Blood plasma can be separated easily not only with a centrifuge but also with a fidget spinner. A new study finds that flicking the spinner with a finger three to five times can separate blood plasma for diagnostic tests. The findings of the study are published in the ACS' journal Analytical Chemistry.
Some people use fidget spinners -- flat, multi-lobed toys with a ball bearing at the center -- to diffuse nervous energy or whirl away stress. Now, researchers have found a surprising use for the toys: separating blood plasma for diagnostic tests. The new approach could be useful for medical applications in regions of the world that lack electricity and other resources.
‘Blood plasma can be separated easily with fidget spinner. A new study finds that fidget spinners can generate enough force to separate blood plasma with the flick of a finger.’
Before doctors can perform many types of blood tests, they must separate blood cells from plasma, the yellowish fluid that contains proteins, bacteria, viruses, metabolites and other substances that can be used to diagnose disease. This is most often accomplished by centrifugation, which uses high-speed rotation to sediment blood cells. However, centrifuges are expensive and require electricity that might not be available in resource-limited regions. Chien-Fu Chen, Chien-Cheng Chang, and colleagues wondered if a commercially available fidget-spinner could generate enough force to separate blood plasma with the flick of a finger.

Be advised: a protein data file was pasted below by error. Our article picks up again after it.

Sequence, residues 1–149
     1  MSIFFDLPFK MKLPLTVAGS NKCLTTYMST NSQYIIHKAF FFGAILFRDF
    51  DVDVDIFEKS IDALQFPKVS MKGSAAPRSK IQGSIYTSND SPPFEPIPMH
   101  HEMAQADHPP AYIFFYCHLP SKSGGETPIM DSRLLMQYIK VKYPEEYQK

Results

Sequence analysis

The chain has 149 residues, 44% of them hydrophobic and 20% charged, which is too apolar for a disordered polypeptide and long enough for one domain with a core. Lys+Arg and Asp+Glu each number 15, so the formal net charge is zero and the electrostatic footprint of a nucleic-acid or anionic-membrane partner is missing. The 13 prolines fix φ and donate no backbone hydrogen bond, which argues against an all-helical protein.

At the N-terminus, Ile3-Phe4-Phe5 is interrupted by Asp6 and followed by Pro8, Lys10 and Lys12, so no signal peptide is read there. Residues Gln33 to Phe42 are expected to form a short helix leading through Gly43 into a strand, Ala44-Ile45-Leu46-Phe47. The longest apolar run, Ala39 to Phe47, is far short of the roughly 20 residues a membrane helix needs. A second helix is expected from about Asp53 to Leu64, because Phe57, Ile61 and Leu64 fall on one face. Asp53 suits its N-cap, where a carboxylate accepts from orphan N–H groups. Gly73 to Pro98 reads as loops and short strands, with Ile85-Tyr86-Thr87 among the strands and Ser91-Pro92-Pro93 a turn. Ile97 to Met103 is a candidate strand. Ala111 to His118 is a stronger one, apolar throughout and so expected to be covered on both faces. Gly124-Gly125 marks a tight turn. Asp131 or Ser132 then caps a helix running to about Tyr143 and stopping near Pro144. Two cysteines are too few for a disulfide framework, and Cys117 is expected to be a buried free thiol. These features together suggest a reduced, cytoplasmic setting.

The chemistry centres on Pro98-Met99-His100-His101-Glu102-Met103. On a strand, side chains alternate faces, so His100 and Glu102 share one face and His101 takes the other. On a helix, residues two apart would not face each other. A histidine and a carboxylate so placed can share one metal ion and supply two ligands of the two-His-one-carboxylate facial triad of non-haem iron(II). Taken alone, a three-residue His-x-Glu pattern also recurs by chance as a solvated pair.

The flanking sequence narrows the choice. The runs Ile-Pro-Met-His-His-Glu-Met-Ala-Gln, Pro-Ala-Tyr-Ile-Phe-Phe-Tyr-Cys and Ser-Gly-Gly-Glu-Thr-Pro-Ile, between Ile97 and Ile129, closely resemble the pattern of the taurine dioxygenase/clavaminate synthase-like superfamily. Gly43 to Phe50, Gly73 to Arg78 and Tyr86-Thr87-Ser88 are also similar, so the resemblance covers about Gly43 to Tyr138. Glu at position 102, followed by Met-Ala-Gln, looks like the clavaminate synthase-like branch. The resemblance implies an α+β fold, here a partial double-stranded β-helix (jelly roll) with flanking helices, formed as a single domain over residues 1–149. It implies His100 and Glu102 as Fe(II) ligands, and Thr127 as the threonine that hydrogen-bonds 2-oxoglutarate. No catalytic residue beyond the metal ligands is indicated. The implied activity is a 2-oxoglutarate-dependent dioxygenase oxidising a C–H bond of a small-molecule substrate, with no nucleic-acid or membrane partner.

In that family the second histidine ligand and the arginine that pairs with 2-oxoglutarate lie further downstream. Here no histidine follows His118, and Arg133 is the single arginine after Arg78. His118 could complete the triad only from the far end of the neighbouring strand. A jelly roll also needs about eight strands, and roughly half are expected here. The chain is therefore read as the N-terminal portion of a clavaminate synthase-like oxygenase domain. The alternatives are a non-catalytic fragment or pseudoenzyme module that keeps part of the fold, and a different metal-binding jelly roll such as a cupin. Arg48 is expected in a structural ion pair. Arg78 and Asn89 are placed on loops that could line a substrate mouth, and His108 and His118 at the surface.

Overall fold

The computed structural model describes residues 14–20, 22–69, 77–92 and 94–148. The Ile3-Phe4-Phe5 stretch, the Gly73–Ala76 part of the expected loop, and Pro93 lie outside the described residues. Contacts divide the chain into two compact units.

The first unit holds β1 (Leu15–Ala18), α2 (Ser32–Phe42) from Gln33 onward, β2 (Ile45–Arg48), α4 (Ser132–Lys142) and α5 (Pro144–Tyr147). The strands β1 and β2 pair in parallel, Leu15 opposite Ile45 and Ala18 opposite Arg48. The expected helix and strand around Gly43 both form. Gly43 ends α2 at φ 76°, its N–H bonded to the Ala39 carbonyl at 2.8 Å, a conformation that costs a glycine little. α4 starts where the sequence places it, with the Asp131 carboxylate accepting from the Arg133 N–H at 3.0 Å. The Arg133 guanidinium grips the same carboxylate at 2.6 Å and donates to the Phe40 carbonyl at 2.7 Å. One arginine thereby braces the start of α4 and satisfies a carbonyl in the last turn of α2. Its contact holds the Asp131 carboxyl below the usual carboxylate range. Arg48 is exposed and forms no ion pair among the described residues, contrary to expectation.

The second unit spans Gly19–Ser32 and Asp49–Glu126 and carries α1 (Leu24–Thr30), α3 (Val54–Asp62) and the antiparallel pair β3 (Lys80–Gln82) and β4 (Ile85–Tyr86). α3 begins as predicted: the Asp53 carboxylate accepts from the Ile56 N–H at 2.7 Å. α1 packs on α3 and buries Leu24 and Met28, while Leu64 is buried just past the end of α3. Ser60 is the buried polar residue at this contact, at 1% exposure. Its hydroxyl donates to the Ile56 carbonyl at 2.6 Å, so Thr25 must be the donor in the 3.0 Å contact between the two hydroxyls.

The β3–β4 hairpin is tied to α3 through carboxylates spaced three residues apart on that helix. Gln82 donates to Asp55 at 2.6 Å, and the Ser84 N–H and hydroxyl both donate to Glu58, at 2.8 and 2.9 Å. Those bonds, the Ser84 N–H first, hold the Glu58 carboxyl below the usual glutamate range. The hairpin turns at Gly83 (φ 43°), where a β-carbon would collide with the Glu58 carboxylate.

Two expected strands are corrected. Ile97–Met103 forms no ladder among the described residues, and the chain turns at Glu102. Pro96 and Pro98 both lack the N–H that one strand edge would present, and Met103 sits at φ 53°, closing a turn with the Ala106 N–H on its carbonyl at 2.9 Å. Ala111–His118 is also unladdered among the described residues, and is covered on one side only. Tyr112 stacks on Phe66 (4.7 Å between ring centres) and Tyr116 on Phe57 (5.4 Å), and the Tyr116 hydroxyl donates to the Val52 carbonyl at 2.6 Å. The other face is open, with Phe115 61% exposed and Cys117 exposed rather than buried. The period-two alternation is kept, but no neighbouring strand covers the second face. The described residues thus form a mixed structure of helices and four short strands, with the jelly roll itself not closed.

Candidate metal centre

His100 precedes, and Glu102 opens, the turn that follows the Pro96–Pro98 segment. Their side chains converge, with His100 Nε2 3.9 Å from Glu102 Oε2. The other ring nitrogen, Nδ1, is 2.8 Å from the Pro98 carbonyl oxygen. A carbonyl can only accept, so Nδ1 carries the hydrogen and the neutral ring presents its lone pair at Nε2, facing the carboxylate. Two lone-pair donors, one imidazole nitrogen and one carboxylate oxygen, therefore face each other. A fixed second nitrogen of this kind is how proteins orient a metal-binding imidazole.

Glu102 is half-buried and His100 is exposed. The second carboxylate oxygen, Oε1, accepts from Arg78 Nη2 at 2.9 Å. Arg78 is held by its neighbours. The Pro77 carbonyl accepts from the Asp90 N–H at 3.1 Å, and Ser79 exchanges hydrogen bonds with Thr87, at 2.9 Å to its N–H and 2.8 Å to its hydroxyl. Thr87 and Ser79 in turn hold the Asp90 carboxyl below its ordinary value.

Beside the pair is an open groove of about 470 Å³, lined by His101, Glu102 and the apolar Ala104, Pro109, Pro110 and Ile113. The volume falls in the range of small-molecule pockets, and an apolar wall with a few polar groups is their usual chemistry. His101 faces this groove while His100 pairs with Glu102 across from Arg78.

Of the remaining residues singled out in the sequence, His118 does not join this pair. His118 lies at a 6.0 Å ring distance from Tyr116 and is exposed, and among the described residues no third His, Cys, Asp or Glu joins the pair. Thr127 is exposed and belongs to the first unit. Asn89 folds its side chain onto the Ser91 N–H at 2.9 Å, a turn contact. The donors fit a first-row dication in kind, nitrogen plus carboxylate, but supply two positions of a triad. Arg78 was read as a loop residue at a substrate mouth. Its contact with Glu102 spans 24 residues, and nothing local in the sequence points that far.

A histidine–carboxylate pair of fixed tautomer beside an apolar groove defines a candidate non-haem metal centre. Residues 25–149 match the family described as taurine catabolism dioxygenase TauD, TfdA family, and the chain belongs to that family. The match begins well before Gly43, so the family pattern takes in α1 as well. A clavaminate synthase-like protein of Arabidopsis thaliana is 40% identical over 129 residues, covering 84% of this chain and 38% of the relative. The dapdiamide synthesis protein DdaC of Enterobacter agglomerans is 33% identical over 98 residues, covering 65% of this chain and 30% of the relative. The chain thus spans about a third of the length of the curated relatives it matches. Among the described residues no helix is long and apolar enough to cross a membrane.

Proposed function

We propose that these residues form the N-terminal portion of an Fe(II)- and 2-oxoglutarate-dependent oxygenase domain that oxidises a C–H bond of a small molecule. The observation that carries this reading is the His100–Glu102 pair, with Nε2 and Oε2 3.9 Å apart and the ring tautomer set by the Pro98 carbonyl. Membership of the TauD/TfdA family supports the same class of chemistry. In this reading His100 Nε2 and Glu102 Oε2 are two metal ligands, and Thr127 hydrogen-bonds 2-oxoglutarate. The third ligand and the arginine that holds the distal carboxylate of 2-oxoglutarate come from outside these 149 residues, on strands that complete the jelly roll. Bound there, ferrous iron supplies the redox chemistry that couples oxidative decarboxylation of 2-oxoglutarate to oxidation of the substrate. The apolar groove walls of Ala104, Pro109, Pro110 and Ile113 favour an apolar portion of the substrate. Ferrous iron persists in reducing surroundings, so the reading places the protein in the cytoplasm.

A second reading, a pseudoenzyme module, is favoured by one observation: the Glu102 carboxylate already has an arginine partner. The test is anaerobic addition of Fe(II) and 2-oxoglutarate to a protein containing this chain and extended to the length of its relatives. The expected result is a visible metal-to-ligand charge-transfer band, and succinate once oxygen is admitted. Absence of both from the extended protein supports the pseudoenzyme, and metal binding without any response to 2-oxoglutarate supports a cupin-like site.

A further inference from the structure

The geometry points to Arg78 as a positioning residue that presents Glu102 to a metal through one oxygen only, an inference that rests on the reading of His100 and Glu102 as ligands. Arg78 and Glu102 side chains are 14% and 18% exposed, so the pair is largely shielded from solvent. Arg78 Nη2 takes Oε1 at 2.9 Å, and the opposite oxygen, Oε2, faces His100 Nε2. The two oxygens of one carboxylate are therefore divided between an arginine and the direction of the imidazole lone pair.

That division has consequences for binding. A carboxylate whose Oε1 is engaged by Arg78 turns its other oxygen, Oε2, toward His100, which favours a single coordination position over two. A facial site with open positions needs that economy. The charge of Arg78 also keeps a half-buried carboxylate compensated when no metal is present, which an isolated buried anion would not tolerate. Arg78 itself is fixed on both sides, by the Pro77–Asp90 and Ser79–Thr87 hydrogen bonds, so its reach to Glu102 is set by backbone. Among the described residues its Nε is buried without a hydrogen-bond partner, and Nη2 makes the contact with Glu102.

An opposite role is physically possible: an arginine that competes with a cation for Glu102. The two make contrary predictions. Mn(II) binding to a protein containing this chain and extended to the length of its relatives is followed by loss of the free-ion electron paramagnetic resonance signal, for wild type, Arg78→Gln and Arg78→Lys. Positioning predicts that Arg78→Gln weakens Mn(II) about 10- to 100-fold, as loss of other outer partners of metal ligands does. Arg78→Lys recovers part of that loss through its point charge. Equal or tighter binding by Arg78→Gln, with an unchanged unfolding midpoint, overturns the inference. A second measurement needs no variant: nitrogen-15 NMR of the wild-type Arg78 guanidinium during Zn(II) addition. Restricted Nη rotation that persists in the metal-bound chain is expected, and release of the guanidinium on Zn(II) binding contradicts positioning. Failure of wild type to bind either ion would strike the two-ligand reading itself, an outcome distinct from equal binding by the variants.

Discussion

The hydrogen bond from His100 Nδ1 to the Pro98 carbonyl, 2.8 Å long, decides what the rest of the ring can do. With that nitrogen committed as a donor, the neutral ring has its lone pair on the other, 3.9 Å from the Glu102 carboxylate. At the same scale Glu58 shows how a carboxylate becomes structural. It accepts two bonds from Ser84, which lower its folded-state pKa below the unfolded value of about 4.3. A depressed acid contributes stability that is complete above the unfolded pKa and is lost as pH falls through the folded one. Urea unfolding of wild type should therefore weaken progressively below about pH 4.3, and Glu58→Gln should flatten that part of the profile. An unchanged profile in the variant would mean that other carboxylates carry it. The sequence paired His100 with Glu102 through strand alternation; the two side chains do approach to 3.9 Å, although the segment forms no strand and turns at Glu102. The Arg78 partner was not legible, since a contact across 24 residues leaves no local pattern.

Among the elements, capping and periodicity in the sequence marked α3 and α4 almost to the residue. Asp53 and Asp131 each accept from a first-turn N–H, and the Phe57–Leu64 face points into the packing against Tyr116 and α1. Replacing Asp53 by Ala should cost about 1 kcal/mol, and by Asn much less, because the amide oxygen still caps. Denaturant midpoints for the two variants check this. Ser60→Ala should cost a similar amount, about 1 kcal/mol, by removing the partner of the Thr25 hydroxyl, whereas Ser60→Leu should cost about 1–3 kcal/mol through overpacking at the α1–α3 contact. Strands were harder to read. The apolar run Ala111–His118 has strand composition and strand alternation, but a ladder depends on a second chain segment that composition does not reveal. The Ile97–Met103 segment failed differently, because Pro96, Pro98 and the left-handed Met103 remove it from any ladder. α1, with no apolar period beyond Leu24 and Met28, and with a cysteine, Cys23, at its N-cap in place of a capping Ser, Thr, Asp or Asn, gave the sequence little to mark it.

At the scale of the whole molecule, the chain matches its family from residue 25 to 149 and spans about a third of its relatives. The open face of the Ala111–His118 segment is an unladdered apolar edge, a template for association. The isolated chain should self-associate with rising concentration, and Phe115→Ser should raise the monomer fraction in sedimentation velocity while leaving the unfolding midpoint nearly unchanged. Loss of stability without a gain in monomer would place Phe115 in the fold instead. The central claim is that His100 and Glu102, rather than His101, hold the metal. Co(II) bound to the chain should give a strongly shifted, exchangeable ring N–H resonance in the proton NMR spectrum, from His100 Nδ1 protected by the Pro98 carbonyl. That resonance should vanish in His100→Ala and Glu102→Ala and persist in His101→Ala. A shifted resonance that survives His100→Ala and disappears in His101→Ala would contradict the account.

To find out, the researchers placed human blood samples in tiny tubes, sealed the ends and taped a tube to each of the three prongs of a fidget-spinner. They found that by flicking the spinner with a finger three to five times, they could separate about 30 percent of the plasma with 99 percent purity in only four to seven minutes.
To verify that the plasma was suitable for diagnostic tests, the researchers spiked blood with a human immunodeficiency virus-1 (HIV-1) protein, separated the plasma with the spinner and performed a paper-based detection test. The inexpensive, simple method detected clinically relevant concentrations of the viral protein in only a drop of blood.